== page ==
South Korean telecommunications company KT Corp. has introduced its new large language model (LLM) called Mi:dm, as part of its venture into the thriving artificial intelligence (AI) market. Mi:dm aims to cater to corporate clients by enabling them to build their own next-generation AI services.
Choi Joon-ki, the head of the AI and big data business unit at KT, highlighted the importance of feedback from enterprise customers in shaping the development and trajectory of Mi:dm. The name Mi:dm is derived from the Korean word mideum, meaning belief.
Mi:dm offers four different service plans with varying computational capacities, ranging from under 10 billion to over 200 billion parameters. These plans allow companies to develop AI-based products, especially generative services like ChatGPT.
The key feature of Mi:dm is its reliable package, which combines Document AI, Search AI, and FactGuard AI to enhance the model’s efficiency and accuracy. FactGuard AI, in particular, aims to minimize the generation of false information, known as hallucination, by utilizing fine-tuned data from expert domains. KT claims that this technology can reduce hallucination by up to 70% compared to a Mi:dm model without it.
In addition to the models, KT has developed Mi:dm Studiov, a user-friendly interface for enterprises to evaluate various Mi:dm services.
KT aims to offer its AI solutions to corporate clients at prices 20 to 30 percent lower than its domestic competitors. Leveraging its existing customer base of 650,000 companies through KT Cloud, the company believes it has a competitive advantage in providing tailored LLM-based services.
During the announcement, KT also discussed its partnerships with domain-specific startups like Upstage and educational AI applications such as Qanda. Qanda, in particular, is focused on addressing challenges in creating a reliable AI math tutor by overcoming latency, costs, and accuracy issues.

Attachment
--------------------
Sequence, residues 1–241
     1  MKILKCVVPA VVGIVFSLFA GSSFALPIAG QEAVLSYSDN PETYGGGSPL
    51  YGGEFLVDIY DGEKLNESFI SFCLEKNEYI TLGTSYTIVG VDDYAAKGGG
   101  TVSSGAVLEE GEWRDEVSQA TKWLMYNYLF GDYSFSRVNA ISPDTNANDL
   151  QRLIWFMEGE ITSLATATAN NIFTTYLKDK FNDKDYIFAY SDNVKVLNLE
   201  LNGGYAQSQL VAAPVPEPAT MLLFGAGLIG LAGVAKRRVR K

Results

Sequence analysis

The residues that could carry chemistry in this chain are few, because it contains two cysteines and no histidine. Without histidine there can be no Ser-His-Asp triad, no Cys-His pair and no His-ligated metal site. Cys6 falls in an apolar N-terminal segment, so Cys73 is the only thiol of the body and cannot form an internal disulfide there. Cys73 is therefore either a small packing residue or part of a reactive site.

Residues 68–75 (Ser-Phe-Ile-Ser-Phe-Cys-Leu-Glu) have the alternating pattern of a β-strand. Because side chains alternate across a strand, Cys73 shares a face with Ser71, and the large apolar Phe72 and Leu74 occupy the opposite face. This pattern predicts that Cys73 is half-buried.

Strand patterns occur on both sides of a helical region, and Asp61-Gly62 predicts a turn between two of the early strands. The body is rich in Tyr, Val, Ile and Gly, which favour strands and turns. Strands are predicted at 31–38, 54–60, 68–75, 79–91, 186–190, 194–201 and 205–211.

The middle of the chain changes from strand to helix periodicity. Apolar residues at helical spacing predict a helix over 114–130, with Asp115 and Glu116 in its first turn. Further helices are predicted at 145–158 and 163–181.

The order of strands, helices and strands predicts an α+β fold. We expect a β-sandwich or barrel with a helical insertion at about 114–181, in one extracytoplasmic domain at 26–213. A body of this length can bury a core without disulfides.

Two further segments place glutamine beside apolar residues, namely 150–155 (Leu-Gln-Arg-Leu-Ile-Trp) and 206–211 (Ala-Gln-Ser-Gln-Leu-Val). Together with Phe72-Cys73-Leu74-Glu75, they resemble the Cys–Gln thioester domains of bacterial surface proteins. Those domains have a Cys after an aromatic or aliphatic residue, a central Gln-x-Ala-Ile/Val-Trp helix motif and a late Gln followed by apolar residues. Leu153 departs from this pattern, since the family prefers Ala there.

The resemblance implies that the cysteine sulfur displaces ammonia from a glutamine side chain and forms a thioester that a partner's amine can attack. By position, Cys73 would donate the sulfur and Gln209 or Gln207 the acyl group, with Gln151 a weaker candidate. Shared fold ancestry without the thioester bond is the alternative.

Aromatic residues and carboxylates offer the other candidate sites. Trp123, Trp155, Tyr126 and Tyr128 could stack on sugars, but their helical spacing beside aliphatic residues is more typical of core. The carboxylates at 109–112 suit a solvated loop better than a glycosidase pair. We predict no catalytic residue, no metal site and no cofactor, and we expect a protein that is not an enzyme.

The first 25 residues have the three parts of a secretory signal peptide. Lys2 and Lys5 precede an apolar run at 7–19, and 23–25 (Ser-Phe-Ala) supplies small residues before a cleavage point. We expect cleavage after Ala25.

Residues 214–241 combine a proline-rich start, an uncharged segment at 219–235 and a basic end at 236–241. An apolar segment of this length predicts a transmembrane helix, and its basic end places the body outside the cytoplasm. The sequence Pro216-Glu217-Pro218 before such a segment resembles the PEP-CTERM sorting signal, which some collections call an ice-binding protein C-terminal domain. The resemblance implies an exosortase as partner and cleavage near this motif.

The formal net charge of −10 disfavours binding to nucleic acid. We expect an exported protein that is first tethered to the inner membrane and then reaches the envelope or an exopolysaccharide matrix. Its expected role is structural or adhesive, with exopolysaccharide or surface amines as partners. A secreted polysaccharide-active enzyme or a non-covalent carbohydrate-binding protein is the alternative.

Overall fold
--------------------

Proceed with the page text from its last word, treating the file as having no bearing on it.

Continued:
KT and Qanda plan to collaborate by specializing the model in the Korean language and high school mathematics. This collaboration aims to leverage Qanda’s educational data and finely-tuned algorithms to develop an AI tutor capable of understanding individual students’ learning patterns.
Bae Soon-min, senior vice president at KT and head of the AI2XL research lab, highlighted real-life applications and potential uses for Mi:dm. For example, small businesses in areas like interior decoration can utilize the basic model to summarize client calls through a customized AI model. Gaming companies can adopt the standard model and train it further to create unique non-player characters. Local governments can utilize the efficient premium model to assist citizens in navigating a wide range of welfare benefits.
Regarding funding, Choi mentioned that while the initial investment in GPU farms is substantial, the company anticipates reaching a break-even point within approximately three years, drawing from the experiences of implementing large-scale IT system services in other Korean enterprises.
On an international scale, KT recently partnered with Thailand’s Jasmine Group to develop a Thai-based large language model. This move aligns with the company’s strategy to create AI solutions tailored for languages currently underrepresented in existing large language models.
According to Bae, Mi:dm has been designed to be versatile and scalable, catering to a wide range of businesses and their specific AI needs. The company aims to provide solutions for both small businesses requiring basic AI support and large corporations in need of high-performance models.
As KT Corp. makes its foray into the AI market with the launch of Mi:dm, it seeks to leverage its expertise, partnerships, and competitive pricing to establish a strong presence in the corporate AI services sector.